(An aside: Like a lot of fire-and-brimstone preachers, Anderson prefers the King James Version of the Bible over all others, and many of those present followed along in their KJVs. I like KJV for literary reasons, but I think you have a pretty hard row to hoe if you want to say that the KJV is the most accurate translation possible, or that somehow the KJV was divinely inspired, whereas all other translations are not. But, hey, if you want your Christ talking like he stepped out of a Monty Python spoof, go for it.)
After the sermon, folks mingled in the larger front room, and I spoke for a few minutes with church-goer David, who told me about the lone protester earlier in the day. He also told me he agreed with Anderson's "Why I Hate Barack Obama" sermon, and that he figured the outrage will probably die down after a week or so.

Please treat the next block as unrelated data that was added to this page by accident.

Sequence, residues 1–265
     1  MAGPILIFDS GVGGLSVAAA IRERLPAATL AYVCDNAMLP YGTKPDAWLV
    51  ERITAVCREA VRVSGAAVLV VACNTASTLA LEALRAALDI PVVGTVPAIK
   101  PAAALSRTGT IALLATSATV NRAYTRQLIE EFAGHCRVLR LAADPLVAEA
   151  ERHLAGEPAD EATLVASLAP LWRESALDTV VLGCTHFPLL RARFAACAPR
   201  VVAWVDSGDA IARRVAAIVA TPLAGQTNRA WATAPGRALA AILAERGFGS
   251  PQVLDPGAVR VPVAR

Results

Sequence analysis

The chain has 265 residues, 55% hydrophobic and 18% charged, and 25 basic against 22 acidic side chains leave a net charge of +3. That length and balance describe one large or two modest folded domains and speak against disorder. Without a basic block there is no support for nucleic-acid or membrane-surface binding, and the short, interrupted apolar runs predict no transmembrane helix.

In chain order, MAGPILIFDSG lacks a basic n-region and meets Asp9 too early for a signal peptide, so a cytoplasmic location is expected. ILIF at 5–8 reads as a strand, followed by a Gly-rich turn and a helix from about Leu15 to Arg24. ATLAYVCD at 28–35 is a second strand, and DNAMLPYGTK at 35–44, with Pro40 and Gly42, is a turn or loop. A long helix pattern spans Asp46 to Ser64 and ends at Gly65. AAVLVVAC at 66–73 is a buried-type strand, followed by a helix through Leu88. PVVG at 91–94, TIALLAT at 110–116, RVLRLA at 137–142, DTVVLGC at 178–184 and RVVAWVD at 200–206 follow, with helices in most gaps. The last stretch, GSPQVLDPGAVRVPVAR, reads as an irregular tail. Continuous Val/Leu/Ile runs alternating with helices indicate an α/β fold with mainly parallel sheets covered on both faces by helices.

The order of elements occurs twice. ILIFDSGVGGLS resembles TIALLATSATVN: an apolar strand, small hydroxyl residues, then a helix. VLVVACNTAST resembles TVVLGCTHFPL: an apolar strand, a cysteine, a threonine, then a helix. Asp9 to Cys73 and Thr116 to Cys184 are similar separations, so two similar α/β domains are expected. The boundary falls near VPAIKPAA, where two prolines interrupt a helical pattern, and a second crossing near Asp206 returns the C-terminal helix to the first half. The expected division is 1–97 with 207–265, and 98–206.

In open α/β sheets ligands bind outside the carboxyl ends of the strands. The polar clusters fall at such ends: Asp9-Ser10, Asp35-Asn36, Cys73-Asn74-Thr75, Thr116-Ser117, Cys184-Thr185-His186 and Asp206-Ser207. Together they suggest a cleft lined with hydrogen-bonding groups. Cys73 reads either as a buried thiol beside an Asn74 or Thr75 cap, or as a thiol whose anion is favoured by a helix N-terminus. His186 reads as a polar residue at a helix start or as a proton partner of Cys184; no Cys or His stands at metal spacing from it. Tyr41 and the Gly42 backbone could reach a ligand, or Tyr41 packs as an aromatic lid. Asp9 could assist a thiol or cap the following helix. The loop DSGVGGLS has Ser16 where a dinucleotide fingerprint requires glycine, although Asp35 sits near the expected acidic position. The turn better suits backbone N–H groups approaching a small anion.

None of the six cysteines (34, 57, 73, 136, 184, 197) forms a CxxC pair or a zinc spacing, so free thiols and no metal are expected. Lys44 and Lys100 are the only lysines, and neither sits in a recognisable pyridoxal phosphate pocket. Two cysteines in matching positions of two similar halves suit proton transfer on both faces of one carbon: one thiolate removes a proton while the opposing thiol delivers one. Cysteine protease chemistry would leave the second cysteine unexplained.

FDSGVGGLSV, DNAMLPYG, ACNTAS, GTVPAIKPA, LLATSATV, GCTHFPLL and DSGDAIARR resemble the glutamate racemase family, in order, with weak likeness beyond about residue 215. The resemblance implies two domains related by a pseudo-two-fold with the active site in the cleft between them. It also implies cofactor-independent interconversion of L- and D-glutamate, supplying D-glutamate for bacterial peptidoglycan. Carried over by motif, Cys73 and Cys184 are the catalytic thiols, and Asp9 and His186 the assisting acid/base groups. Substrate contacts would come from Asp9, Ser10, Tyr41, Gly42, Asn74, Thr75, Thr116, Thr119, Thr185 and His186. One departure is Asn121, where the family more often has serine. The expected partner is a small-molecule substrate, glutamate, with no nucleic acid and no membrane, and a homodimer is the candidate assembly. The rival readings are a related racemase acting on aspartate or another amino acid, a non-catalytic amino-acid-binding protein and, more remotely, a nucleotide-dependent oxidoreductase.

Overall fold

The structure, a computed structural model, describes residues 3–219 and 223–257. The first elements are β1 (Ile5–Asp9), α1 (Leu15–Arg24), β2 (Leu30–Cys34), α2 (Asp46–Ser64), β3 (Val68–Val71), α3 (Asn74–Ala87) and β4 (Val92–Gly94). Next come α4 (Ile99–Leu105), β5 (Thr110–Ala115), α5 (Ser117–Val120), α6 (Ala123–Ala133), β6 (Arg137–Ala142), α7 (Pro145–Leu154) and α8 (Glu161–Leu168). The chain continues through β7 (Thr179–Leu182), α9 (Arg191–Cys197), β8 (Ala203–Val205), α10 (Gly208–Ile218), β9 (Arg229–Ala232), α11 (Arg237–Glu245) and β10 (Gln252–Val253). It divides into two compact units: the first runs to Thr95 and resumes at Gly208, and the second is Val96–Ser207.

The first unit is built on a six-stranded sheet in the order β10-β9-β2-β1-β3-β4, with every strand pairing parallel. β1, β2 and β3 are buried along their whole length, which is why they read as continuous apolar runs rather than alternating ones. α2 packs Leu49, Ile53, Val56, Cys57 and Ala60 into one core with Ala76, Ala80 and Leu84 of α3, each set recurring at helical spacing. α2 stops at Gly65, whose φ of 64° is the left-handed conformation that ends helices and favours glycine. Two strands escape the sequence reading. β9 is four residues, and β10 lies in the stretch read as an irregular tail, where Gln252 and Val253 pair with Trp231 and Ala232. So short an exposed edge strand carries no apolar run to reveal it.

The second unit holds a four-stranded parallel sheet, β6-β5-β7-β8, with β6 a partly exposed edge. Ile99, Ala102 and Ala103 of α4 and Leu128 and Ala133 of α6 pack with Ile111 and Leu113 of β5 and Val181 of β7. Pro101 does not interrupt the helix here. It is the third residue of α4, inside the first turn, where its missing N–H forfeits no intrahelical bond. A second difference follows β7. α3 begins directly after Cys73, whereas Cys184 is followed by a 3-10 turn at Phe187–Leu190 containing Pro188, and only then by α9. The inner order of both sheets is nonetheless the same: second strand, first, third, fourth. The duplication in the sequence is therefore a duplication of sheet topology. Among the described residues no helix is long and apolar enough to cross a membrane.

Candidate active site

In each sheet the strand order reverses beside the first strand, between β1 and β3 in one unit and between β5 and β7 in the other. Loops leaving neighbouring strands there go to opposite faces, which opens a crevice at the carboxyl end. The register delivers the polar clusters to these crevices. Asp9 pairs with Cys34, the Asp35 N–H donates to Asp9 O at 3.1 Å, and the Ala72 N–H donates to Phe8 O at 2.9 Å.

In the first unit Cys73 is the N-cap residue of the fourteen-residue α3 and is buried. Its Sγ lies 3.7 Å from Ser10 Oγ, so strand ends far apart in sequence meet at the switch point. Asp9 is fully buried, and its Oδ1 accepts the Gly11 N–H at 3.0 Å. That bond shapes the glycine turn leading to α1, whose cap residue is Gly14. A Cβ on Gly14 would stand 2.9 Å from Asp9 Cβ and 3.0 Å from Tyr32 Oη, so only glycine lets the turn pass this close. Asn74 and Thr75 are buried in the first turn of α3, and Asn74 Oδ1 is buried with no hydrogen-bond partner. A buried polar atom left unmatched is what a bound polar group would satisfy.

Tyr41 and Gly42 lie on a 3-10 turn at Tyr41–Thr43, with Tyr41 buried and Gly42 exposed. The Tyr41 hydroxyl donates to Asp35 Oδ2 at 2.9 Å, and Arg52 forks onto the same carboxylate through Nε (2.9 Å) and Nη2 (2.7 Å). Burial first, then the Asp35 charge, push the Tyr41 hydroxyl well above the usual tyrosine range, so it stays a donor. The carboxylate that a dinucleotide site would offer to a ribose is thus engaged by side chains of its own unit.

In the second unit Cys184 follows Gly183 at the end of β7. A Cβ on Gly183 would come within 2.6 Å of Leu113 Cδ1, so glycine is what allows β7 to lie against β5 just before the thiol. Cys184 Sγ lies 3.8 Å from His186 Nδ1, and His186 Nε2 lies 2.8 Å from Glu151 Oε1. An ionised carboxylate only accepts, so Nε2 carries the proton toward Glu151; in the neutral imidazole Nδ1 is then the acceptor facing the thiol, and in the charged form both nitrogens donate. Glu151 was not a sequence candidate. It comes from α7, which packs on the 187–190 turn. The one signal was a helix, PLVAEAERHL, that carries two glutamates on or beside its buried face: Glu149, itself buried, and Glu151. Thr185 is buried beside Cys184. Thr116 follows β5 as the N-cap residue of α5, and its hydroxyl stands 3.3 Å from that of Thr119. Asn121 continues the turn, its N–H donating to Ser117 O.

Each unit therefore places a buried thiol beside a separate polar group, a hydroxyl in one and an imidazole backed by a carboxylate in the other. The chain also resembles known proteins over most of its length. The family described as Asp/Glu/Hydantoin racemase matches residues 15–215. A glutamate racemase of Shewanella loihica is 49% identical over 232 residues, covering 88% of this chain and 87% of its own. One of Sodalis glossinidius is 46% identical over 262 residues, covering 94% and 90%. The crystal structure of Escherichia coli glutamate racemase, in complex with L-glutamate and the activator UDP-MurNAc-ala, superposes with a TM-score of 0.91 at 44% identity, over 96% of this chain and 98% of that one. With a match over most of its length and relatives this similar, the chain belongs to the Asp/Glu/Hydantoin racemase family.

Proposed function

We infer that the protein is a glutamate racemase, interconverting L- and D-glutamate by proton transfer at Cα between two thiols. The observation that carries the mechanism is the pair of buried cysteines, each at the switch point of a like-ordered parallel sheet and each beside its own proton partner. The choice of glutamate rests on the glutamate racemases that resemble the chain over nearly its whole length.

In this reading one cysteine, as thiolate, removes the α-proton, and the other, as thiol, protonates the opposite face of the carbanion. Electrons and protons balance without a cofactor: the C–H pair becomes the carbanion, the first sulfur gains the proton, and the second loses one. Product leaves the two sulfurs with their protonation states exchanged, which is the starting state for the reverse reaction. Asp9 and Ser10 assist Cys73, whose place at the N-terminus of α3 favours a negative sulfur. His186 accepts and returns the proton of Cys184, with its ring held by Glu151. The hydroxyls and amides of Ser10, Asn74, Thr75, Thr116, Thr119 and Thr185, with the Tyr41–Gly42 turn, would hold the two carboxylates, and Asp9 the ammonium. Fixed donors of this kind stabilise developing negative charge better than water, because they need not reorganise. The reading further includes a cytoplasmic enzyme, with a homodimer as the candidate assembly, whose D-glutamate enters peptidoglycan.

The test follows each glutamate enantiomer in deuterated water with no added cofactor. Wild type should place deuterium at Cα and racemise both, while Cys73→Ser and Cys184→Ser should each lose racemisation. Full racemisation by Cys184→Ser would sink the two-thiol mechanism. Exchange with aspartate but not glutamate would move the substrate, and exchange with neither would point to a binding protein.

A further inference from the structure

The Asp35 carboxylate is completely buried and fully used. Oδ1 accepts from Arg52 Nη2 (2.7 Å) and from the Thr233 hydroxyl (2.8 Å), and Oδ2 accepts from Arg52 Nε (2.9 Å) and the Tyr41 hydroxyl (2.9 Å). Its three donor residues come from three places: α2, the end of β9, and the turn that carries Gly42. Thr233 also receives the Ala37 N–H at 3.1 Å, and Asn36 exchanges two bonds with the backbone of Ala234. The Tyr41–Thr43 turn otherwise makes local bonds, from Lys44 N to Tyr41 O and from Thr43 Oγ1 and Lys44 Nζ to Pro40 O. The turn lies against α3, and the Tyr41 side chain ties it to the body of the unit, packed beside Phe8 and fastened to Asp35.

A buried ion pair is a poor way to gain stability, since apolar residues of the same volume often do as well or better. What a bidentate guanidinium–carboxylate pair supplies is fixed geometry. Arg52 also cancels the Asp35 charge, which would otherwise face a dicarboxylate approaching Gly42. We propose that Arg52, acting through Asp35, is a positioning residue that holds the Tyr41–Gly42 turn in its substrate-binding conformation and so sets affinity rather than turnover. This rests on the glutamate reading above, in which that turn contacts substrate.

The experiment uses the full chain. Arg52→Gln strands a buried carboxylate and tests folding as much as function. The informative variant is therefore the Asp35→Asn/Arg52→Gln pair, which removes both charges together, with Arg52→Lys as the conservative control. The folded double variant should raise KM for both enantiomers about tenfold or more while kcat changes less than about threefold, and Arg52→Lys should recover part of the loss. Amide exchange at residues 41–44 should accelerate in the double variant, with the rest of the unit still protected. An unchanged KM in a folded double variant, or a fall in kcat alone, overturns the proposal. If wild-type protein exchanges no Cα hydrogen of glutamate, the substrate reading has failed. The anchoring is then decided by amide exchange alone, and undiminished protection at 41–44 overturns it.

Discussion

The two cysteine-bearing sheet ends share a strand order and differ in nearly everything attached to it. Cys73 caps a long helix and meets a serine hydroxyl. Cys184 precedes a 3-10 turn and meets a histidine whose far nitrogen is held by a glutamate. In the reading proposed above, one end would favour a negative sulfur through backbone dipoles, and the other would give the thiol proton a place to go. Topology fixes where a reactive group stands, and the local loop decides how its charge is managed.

I spotted Broughton leaving, so I followed him outside as he headed for his motorcycle. When I told him I was with New Times, he tried to wave me away, but after a little cajoling, he relented and spoke with me. He wouldn't tell me how long he'd been going to Anderson's church (Anderson later told me it was for the last few months), and he shrugged off a question about why he hadn't brought his AR-15 with him to church, since he supposedly has it with him at all times.
"Sometimes I take it," he mumbled. "Sometimes I take it on my motorcycle."
Hey, thanks for the non sequitur, Chris.
We then got down to brass tacks, and he affirmed that he'd like to see President Obama deader than a doorknob.
"It would be good for the country if he were to go sooner than later," said Broughton, no doubt making his ma really proud.
Even if someone kills him, I wondered?
"However it happens, I'm going be happy that it happens," he boasted. "I'm gonna be a happy man...I would rejoice."
Then Broughton removed all doubt that he's an idiot by asserting ye ole Adolf Hitler comparison, a sure sign that you have no argument, or originality. He asked me if it would have been better if somone had taken Hitler out back in the day, suggesting it would be equally cool if Obama got similar treatment.